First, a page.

The freak, 35-year sine wave that we’re now surfing, the pilot-shortage tsunami that’s rolling onshore from 20 years out, has finally hit. And those of us who are ready to “hang ten” off its curl, those of us who thought we’d be history at 60, have a shot at riding this one for all we’re worth.
Beyond Cheap and Superficial
We’re all looking for meaning in our lives. The pace of modern-day life more often than not precludes any meaningful connection between people. Aviators are no exception. In fact our world needs more connection than earthbound souls because of our “fly by” lifestyles.
A meaningful relationship during my tenure at TWA was two crewmembers passing like ships in the night in the ramp office, yelling a promise over our shoulders as we sprinted in opposite directions for our commuter flights to “get in touch when I get home.” A well intentioned but empty promise if there ever was one.
Our kids, the advance guard of society, are sounding the cry to connect and be recognized in many ways–outrageous behavior, raging rap music, dress, attitude, body piercing, bombings, drive-by shootings, Eminem’s finger waves, you name it. Something needs to change, and it is. Kids are being initiated into gangs and connecting that way. We read about the results of this less than desirable but effective rite of passage in the daily paper.
One way to fulfill this implied responsibility of creating meaningful relationships is to create our own brand of history now. It’s important for those of us who are in the deep end of the pilot pool to recognize that we’re part of an important, formative wave. This wave can change the way aviation does business to suit the growing industry need for soul.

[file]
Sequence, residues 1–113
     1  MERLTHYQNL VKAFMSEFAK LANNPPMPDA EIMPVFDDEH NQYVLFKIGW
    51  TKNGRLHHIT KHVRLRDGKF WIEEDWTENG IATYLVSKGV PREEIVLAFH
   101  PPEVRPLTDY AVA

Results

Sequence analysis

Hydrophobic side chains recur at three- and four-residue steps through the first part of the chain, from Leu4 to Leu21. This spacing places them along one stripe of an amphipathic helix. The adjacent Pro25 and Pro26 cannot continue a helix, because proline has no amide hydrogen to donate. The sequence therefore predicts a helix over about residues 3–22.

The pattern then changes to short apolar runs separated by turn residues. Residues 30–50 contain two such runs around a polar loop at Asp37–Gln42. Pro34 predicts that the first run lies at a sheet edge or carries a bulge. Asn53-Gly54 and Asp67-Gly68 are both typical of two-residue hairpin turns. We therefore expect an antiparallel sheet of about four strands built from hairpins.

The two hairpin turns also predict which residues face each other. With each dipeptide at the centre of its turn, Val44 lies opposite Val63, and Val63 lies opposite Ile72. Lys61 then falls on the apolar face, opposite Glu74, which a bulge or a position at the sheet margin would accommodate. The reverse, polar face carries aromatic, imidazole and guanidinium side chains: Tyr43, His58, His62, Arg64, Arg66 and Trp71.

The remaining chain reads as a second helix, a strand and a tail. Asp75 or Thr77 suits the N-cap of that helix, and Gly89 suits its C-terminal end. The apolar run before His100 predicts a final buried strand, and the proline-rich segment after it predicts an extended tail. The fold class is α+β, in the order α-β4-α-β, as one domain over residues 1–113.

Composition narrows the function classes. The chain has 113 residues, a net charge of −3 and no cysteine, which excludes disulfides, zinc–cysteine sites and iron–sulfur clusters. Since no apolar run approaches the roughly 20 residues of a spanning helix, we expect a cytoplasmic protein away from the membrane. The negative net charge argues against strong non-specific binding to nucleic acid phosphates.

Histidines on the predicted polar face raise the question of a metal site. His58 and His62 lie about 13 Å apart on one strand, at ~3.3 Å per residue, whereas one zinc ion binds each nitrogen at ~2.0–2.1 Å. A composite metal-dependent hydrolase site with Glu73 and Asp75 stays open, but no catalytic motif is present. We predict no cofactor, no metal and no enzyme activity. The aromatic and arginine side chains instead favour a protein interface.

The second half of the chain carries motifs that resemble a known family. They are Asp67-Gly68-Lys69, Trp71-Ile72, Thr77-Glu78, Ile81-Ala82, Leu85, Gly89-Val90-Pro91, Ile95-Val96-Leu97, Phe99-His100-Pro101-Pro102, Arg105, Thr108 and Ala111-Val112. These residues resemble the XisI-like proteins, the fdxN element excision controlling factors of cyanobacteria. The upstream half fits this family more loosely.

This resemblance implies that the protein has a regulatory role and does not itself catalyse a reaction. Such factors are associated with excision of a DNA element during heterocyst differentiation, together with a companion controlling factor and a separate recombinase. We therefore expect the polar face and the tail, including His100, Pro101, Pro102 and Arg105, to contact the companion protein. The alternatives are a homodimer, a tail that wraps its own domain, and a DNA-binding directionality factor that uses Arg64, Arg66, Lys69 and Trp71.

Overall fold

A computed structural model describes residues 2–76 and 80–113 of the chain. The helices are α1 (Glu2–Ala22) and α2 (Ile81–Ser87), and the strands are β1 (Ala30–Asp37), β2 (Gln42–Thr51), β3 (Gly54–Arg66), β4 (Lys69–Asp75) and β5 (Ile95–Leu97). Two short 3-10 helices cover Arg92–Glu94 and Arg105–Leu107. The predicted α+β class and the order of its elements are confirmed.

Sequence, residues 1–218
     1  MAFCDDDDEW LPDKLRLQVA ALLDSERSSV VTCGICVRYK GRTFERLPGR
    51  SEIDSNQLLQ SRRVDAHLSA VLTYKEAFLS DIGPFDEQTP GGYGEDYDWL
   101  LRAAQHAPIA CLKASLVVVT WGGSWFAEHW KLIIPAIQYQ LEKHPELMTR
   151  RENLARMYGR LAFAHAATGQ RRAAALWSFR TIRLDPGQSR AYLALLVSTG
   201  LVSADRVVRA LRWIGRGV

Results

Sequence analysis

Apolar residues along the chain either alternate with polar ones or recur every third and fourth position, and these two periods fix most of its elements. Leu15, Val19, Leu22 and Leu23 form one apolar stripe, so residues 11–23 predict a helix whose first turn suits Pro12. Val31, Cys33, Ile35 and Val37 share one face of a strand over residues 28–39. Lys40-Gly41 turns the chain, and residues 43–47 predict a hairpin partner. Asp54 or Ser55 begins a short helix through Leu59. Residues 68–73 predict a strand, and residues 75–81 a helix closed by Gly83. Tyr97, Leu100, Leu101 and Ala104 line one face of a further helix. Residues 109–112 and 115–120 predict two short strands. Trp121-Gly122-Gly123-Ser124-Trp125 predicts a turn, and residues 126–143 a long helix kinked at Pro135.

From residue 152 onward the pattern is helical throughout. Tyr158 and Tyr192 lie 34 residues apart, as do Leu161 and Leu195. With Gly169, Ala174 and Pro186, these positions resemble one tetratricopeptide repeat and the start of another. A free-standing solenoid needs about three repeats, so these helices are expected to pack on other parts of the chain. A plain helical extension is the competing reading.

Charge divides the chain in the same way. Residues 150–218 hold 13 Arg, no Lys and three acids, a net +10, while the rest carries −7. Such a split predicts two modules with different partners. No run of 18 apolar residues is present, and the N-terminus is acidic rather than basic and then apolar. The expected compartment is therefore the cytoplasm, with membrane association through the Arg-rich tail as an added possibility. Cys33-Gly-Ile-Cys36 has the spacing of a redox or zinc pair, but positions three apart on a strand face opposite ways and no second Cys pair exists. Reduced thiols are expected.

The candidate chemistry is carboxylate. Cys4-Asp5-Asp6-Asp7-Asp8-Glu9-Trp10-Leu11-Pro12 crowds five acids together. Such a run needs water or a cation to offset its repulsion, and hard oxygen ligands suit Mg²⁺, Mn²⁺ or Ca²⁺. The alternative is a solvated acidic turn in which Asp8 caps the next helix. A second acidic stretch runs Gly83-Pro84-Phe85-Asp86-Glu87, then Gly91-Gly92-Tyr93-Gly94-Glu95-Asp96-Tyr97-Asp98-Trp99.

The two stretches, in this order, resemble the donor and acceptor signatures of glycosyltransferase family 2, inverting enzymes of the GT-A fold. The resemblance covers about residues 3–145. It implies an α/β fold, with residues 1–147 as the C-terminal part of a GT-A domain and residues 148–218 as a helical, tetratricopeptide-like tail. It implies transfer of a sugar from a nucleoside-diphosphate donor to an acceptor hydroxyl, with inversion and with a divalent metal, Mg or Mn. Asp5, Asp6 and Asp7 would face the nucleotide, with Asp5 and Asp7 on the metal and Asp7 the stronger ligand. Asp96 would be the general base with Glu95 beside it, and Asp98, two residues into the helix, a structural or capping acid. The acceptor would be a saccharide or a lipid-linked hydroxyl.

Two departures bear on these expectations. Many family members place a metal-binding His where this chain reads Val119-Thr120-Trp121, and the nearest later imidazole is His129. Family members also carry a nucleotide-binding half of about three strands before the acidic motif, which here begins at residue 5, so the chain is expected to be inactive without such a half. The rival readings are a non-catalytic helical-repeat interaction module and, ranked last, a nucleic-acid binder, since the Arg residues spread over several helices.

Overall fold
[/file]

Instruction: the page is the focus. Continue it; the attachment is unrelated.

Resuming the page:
I feel as if I’ve been given a second chance to reinvent myself in any way I choose, to make up for what I lacked in my previous pilot incarnation and get on with doing what I wish to see carved on my tombstone.
I’ve mastered self indulgence, and that’s no longer my lesson. I happen to think there’s more to life than dedicated self-service. The epitaph I’m working on is “he took the time to see the good in others and helped others to see the good in themselves.” Lofty? Yeah. Do I always succeed? Heck no. But when I don’t succeed, it pains me enough that I have to get back on target or live with the consequences until I do.
What’s your epitaph? If you don’t have one, create it. It will define you and act as a beacon for your life.
It’s a basic principle of human nature to feel needed. One of the major gaps in my former airline career was the dearth of that feeling.